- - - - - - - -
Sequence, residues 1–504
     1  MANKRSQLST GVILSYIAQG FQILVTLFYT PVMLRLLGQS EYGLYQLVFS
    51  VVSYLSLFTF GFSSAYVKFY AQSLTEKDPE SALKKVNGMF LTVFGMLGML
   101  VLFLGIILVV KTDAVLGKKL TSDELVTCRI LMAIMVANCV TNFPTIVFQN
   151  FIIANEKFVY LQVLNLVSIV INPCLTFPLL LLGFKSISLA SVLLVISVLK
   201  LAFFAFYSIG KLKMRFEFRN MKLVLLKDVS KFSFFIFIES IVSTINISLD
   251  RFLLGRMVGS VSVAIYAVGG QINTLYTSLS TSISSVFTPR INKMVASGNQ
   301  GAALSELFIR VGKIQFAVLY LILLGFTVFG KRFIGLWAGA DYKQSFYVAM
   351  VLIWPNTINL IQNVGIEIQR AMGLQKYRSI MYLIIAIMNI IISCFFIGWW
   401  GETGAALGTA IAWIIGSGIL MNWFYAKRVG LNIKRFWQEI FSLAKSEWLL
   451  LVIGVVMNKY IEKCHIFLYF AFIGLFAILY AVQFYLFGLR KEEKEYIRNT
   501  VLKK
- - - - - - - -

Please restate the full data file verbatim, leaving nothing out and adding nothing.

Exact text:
Sequence, residues 1–504
     1  MANKRSQLST GVILSYIAQG FQILVTLFYT PVMLRLLGQS EYGLYQLVFS
    51  VVSYLSLFTF GFSSAYVKFY AQSLTEKDPE SALKKVNGMF LTVFGMLGML
   101  VLFLGIILVV KTDAVLGKKL TSDELVTCRI LMAIMVANCV TNFPTIVFQN
   151  FIIANEKFVY LQVLNLVSIV INPCLTFPLL LLGFKSISLA SVLLVISVLK
   201  LAFFAFYSIG KLKMRFEFRN MKLVLLKDVS KFSFFIFIES IVSTINISLD
   251  RFLLGRMVGS VSVAIYAVGG QINTLYTSLS TSISSVFTPR INKMVASGNQ
   301  GAALSELFIR VGKIQFAVLY LILLGFTVFG KRFIGLWAGA DYKQSFYVAM
   351  VLIWPNTINL IQNVGIEIQR AMGLQKYRSI MYLIIAIMNI IISCFFIGWW
   401  GETGAALGTA IAWIIGSGIL MNWFYAKRVG LNIKRFWQEI FSLAKSEWLL
   451  LVIGVVMNKY IEKCHIFLYF AFIGLFAILY AVQFYLFGLR KEEKEYIRNT
   501  VLKK